Six days of rain, wind, cold, and storm surge changed the bay quickly. The spot and mackerel ran for the Atlantic; the rockfish proved their love for inclement weather, the red drum, black drum, and trout started to move south, and the perch moved out of the creeks schooled up in the rivers.
The bluefish have remained consistent and will stay in the bay and river mouths until genuine cold sets in around the first week in November.
During the nor’easter, the stripers were crashing the shorelines on moving tides. Lure casters using swimming plugs and jigs with swimming plastics tails found consistent rockfish in the mouth of the Patuxent around Hog Point and Goose Creek on the Naval Air Station. It was not uncommon to have half a dozen or so anglers all hooked up at the same time. The fish are all healthy 20 to 30-inch fish.
When the sun came out, the early boaters casting at Cedar Point and the mouths of creeks found eager fish. The fish became less cooperative with bright sunlight and high pressure as the week wore on. Early and late is the key to rockfish catches in the daylight hours in the shallows. There are fish for trollers anytime the tide moves in the deeper waters on the edges of oyster bars around 25 to 40 feet.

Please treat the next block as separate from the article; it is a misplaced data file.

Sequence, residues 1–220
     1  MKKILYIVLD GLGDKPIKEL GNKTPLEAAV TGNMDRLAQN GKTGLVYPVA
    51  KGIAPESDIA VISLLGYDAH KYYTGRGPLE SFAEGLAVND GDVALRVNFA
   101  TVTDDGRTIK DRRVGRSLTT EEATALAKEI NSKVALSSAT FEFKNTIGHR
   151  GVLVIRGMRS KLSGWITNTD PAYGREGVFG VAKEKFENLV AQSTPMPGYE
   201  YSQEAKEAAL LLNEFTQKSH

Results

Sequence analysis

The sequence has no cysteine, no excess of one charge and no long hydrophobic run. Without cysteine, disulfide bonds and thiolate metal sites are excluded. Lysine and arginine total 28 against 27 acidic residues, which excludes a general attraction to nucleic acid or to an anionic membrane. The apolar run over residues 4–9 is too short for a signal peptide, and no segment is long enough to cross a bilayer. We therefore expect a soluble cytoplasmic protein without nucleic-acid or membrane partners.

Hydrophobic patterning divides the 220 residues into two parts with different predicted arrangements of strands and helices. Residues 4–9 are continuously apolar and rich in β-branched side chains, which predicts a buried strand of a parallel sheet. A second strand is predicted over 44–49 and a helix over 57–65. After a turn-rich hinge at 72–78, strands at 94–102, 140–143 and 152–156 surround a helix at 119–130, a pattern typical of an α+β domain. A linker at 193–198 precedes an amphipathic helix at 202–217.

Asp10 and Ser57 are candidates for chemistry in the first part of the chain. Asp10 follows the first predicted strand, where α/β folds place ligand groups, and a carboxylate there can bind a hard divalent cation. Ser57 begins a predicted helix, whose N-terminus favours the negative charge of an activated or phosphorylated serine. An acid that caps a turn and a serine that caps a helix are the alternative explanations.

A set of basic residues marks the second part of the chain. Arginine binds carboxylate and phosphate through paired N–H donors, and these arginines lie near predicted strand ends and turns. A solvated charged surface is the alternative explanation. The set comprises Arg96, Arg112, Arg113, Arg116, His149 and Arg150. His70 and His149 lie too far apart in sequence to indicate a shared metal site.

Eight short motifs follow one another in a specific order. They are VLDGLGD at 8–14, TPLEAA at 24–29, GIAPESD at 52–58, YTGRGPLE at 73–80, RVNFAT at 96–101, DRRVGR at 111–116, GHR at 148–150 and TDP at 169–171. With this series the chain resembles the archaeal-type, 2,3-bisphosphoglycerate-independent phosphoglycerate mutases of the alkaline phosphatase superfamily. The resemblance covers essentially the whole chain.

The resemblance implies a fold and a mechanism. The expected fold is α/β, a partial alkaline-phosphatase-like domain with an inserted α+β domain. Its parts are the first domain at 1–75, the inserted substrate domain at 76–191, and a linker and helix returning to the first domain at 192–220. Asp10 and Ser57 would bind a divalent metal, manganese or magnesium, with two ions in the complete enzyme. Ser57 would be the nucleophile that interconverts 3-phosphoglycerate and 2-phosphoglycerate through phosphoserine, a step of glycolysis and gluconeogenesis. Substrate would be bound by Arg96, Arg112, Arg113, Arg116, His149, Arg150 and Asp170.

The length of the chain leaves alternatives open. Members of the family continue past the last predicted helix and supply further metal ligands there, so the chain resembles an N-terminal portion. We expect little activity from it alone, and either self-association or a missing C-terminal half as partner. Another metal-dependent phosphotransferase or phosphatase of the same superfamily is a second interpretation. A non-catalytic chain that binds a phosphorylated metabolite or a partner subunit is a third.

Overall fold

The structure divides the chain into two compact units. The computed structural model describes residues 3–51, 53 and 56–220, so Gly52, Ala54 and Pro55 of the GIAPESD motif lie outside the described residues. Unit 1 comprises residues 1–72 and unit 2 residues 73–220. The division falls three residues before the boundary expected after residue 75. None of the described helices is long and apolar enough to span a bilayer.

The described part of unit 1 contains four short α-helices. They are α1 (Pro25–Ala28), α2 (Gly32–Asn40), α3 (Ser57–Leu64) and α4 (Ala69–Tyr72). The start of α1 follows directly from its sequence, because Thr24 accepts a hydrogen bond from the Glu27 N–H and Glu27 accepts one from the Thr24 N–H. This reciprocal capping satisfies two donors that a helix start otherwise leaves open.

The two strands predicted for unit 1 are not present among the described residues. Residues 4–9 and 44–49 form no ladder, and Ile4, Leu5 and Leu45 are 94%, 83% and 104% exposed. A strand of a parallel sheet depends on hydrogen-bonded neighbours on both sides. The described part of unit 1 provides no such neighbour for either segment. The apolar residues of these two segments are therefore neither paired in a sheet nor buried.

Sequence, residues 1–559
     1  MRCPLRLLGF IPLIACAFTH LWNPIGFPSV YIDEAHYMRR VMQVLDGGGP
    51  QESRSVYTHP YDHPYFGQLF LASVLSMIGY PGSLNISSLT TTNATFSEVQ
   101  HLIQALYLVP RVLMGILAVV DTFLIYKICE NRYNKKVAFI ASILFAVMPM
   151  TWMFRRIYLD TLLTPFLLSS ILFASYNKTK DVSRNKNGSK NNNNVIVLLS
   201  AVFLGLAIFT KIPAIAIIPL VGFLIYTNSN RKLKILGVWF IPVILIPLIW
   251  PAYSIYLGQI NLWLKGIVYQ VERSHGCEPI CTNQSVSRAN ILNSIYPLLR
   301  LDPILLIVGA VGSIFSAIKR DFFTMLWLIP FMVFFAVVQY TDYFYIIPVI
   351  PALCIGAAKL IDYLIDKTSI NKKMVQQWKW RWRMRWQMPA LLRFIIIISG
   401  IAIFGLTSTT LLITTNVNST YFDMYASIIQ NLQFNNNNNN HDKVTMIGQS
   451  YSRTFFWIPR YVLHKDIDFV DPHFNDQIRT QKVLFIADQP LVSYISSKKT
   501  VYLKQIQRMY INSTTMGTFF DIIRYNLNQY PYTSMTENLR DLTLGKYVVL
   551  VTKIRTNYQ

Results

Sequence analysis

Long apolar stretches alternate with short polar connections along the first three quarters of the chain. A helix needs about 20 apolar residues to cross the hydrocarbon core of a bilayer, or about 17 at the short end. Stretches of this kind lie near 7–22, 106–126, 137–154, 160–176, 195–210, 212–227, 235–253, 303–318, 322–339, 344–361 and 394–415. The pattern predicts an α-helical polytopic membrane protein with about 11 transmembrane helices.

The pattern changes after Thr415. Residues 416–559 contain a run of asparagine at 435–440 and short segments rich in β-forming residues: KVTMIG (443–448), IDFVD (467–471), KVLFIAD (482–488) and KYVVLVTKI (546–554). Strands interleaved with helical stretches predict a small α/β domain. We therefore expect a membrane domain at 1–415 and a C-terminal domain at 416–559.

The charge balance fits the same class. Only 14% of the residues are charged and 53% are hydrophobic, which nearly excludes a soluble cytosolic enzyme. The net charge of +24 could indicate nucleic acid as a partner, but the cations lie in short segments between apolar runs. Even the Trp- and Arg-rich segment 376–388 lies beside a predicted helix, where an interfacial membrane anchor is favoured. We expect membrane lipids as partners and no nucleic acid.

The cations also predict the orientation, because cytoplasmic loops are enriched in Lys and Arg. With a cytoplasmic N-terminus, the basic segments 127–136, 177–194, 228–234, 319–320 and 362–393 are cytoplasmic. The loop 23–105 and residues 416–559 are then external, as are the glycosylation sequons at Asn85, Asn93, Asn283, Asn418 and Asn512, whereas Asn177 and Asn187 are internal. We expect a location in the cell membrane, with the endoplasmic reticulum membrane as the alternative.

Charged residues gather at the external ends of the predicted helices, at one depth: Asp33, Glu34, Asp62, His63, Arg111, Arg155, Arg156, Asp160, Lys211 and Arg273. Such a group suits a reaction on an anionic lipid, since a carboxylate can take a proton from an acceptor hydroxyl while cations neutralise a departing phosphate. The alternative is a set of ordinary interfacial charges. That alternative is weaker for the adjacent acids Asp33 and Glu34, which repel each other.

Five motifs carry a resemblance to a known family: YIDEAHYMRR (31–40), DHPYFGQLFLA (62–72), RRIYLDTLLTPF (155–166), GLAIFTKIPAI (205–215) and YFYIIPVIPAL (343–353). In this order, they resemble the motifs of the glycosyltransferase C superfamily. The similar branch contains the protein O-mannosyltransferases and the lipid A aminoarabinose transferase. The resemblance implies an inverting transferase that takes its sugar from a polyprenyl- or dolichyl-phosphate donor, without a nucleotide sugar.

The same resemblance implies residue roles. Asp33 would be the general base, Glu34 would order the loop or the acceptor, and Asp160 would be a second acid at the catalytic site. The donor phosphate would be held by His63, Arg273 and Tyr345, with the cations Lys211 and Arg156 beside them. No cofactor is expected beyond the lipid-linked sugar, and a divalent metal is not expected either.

Perch are around the pilings at the Benedict bridge for jiggers using small metal. There were catches reported there, more than 60 fish in an outing. The perch are also stacked up in the mid-river for bottom fishermen or jiggers.
Since the storm, my experience throwing Perch Hounders and Beetle Spins in the creek has been a lot of time with few fish. But, the perch remaining in the shallows are in the 9 1/2 to 11-inch range. I am a happy fisherman if I get five or so in an hour.
The salt islands from Hoopers to Tangier have rockfish on the points and on structure in the 20-to-28-inch range.
Adventurous fishermen have found red and black drums in the 30-pound plus range fishing at night on cut bait around Cedar Point.
Snakehead and bass are in the ponds and upper Potomac and Patuxent, eager to hit the lure. This is some of the best fishing of the year, and old man winter is coming; let’s get them while we can.